STODDARD: We talk about cable news ad nauseum. Cable news is all over the park in terms of its impact on American society. So it’s almost the word that can’t be killed. Now, I will tell you ironically that working under some amazing CEOs after Robert Sachs, my dear friend Kyle McSlarrow, who now is employed helping manage customer experience for Comcast, and then six years so far of the incredible Michael Powell, a motivational, inspirational guy. We spent many, many years trying to come up with a successor word to cable. Now, the reason being two reasons. First and foremost, sadly, on the negative side, in some ways cable had become a pejorative as in, oh, those cable monopolists, or those lousy cable guys, right? And it’s a problem in modern marketing and modern branding that once you acquire these attributes it’s very hard to shake them. But there’s something that I believe is more salient than that and really far more important, and that is that as much as I admire and love and grew up as a cable guy, and love the word cable, as a two syllable word it no longer strictly defines what we do. It really, in my mind at least and in many others, it’s still that coaxial cable with an F connector at the end of it that screws into your wall and the other end into your television set and we certainly have transcended all of that now. So we have been all over the block at NCTA on this. In 2005 we did an exercise where we said do we still want to be called the cable association? So let’s think about alternatives. We hired some very high-priced talent to study this for us. We did coast to coast research, focus groups, everything under the sun, and the decision we made in that year was nah, it’s cable so let’s embrace it. Let’s try to breathe new life into it, let’s build some new attributes around it, and let’s use it to tell the story. So we then started living large more than ever as the cable association. In fact, our logo at NCTA became the red, blue, and green swirl with the word cable next to it. So that had a good run, but after 10 years we kind of found ourselves kind of back in the same territory. We’d only marginally succeeded at improving, I think, the image of the industry and we had a long ways to go. And at that moment in time with all of the new technologies that we’ve been discussing the simple word cable just didn’t cut it anymore. So then the alternative exercises, what is it that describes who we are and what we actually do? And that’s how we landed on internet and television.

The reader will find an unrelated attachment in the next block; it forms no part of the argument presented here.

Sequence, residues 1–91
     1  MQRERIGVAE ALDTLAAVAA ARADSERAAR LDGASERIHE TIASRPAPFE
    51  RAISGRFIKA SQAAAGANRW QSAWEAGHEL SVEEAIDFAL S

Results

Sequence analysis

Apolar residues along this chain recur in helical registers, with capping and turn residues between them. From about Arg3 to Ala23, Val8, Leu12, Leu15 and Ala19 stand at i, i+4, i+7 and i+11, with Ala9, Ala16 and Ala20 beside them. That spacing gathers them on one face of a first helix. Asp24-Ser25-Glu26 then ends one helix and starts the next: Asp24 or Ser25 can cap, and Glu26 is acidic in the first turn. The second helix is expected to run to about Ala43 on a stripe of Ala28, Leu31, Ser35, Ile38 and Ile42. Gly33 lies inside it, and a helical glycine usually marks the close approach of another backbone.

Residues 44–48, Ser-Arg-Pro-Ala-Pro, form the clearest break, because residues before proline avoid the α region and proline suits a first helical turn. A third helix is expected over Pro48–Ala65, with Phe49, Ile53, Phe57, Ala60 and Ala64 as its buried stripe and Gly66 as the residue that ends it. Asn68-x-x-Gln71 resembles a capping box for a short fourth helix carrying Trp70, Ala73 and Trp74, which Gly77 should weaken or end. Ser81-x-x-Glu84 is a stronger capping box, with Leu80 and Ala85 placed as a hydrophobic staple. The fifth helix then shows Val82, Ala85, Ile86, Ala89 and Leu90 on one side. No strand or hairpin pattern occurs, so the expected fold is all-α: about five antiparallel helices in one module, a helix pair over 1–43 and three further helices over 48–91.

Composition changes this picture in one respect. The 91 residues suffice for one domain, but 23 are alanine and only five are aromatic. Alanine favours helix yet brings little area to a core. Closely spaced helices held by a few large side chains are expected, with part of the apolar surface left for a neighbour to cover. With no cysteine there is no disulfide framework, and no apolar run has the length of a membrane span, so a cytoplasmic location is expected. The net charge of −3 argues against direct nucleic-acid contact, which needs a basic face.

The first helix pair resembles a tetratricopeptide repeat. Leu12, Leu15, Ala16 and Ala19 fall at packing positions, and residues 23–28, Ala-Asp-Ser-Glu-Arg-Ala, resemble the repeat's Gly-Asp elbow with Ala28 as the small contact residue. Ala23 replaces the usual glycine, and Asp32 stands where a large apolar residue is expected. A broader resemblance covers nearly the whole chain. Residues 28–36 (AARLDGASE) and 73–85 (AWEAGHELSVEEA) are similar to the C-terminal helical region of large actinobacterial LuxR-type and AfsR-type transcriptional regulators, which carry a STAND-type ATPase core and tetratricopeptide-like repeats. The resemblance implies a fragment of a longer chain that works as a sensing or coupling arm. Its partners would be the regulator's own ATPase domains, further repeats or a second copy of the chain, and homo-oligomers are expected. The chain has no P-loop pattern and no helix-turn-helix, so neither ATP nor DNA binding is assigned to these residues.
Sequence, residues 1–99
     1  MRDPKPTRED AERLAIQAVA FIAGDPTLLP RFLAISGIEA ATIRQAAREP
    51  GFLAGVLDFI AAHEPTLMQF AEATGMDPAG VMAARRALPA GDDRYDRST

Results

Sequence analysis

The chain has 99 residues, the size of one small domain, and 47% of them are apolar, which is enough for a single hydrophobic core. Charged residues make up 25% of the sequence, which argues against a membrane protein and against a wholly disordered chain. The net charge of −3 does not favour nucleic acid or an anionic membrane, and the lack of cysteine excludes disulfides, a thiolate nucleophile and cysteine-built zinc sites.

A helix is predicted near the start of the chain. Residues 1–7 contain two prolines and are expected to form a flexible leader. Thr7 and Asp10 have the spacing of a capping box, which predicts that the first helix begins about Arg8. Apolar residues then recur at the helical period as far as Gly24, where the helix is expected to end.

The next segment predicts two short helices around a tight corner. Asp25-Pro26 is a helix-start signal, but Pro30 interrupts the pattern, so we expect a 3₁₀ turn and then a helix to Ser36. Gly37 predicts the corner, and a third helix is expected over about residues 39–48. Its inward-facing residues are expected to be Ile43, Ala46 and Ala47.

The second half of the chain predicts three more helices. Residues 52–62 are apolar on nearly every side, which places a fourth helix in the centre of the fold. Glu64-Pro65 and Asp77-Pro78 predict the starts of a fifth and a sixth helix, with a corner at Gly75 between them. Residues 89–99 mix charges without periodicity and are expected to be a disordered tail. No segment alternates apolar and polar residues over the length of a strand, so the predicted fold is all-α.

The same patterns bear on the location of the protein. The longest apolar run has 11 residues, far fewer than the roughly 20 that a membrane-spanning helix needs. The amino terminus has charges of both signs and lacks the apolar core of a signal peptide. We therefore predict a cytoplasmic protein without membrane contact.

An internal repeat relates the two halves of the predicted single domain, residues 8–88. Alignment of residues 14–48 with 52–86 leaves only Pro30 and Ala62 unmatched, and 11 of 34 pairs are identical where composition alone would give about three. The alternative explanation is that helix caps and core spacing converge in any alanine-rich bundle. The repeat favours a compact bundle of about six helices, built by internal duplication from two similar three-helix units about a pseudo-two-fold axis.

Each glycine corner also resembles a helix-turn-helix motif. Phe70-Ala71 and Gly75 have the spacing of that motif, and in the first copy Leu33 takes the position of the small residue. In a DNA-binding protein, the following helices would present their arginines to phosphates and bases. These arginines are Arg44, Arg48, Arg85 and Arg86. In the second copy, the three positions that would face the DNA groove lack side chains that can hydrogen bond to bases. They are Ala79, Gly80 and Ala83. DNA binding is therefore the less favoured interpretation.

SCHLEY: But you kept the acronym because it was brand equity.